Tukisiven: Nunatsiavummiut Share Their Experience of Participating in a Nova Scotia Community College Child and Youth Care Diploma
KeywordChild and Youth Care, Interpretative Phenomenological Analysis, Inuit, Post-Secondary Education, Nunatsiavut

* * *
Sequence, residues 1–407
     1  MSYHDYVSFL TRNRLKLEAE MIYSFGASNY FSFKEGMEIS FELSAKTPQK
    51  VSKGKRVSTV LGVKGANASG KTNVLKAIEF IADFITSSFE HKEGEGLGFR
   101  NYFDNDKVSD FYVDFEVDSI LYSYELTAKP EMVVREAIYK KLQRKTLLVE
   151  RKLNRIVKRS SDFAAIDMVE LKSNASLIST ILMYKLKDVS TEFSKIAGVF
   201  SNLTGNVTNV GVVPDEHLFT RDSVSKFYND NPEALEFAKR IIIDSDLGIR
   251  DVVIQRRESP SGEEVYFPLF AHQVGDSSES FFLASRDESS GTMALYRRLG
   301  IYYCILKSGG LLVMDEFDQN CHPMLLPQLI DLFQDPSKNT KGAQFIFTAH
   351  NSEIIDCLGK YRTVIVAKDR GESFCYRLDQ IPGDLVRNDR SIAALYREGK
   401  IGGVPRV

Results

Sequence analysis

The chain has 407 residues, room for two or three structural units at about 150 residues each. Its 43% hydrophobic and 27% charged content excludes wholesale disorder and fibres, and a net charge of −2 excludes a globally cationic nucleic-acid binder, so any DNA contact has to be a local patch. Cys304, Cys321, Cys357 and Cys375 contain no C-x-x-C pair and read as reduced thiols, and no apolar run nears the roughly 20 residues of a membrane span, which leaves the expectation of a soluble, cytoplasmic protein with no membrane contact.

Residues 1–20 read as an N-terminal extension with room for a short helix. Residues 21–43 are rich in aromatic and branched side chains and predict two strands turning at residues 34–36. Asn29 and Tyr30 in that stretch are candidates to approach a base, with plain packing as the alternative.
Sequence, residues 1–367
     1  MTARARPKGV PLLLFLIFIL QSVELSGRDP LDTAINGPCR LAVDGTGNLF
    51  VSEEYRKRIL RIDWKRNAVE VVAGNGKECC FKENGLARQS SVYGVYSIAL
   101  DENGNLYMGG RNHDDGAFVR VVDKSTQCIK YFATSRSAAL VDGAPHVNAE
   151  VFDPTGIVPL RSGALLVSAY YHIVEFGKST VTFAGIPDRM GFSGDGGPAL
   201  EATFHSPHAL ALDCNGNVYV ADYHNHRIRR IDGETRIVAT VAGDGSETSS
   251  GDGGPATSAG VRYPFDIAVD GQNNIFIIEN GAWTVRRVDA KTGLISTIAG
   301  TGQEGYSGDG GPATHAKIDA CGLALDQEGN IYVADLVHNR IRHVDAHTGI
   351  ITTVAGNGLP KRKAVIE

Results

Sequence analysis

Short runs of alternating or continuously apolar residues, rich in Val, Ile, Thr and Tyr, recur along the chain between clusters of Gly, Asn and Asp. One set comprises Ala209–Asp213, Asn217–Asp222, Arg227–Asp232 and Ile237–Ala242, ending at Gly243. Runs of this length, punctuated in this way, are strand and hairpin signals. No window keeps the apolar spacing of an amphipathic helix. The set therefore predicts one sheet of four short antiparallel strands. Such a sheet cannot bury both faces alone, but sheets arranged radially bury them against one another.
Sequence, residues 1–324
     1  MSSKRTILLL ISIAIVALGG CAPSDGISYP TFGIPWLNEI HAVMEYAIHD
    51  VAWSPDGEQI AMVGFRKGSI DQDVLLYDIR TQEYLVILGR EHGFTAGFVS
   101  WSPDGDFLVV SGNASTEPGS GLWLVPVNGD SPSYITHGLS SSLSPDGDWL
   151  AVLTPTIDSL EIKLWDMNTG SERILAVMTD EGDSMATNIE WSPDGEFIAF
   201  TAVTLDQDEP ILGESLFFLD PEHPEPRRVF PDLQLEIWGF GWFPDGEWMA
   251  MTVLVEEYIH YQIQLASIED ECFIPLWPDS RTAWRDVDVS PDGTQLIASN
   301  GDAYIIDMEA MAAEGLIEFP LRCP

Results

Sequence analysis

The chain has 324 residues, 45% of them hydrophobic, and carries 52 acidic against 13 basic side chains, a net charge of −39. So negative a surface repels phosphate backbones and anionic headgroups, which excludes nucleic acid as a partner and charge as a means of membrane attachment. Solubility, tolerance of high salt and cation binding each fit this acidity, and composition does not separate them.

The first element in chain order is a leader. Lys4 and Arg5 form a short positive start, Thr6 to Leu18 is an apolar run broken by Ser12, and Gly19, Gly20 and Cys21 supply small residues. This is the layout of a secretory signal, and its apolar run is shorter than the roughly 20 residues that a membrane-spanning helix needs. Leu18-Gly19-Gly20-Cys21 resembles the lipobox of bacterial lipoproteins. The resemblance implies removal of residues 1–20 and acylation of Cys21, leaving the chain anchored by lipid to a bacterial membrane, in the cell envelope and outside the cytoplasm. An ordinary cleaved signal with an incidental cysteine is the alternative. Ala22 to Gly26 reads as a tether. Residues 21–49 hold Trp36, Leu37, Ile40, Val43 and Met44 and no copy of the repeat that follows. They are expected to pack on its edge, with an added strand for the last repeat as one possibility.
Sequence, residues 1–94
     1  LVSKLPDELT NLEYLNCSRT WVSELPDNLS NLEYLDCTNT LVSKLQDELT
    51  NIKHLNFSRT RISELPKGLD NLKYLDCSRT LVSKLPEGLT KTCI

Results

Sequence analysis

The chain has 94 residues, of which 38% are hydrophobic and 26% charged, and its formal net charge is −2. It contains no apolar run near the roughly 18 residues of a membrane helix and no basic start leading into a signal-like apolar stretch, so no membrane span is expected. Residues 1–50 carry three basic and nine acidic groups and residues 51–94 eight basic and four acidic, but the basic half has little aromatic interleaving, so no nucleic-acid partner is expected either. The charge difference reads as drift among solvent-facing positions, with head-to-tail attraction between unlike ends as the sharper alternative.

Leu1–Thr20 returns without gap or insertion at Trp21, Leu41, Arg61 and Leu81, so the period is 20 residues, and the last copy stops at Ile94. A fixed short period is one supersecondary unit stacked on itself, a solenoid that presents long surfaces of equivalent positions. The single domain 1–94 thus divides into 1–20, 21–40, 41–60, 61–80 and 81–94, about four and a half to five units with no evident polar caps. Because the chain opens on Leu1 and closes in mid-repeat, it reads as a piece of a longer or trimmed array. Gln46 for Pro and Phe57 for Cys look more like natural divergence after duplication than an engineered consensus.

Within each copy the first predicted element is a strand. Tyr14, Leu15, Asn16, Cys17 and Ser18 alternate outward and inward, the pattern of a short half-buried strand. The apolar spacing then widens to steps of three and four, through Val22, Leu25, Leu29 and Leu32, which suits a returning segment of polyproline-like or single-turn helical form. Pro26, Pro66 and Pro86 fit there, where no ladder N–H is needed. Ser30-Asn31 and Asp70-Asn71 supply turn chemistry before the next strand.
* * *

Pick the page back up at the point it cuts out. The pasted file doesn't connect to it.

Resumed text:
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AbstractIt is well documented that there are gaps in the research related to Inuit education and to Child and Youth Care (CYC) pre-service education. Interpretative Phenomenological Analysis was used to explore the experience of 4 Nunatsiavummiut who graduated from a Nova Scotia Community College with a diploma in CYC. Three superordinate themes and seven subordinate themes were interpreted with the Nunatsivummiut participating as co-inquirers. The first superordinate theme was powerful emotions; subordinate themes were identified as passion, doubt, and balance/unbalance. It was clear through the analysis of the interviews that the Nunatsiavummiut stayed engaged in a two-year college diploma because they were passionate about working with young people and they wanted to know more about how to do this better. They did find the programme overwhelming at times and doubted if they could stay and complete it. For a variety of reasons, throughout the diploma, the co-inquirers all experienced a sense of shifting between a need for balance and yet feeling unbalance. The second superordinate theme was Our Land, Our People. The subordinate themes were shared purpose, and what I knew, I knew. It was interpreted that their knowing of Nunatsiavut and Nunatsiavummiut was shared collectively and supported them to know what they knew. They experienced having a shared purpose through the course work and the goal to support Nunatsiavummiut children, youth, and families. They were inspired and motivated by each other and learned together towards a common goal. The third superordinate theme was empowered to advocate, I have voice. With subordinate themes identified as heard and supported, and transformed. They felt that they were heard and supported and experienced this as being empowered to have voice; they perceived that their responsibility with this voice was to advocate for themselves; their communities; children, youth, and families from Nunatsiavut; other Nunatsiavummiut; and for the profession of CYC. A deepened understanding of the experience of Nunatsiavummiut participating in CYC pre-service education in a post-secondary environment will enhance confidence for educators and policy makers that their decisions are supporting student engagement and success. This information may assist potential students in making increasingly informed decisions about post-secondary education programmes.
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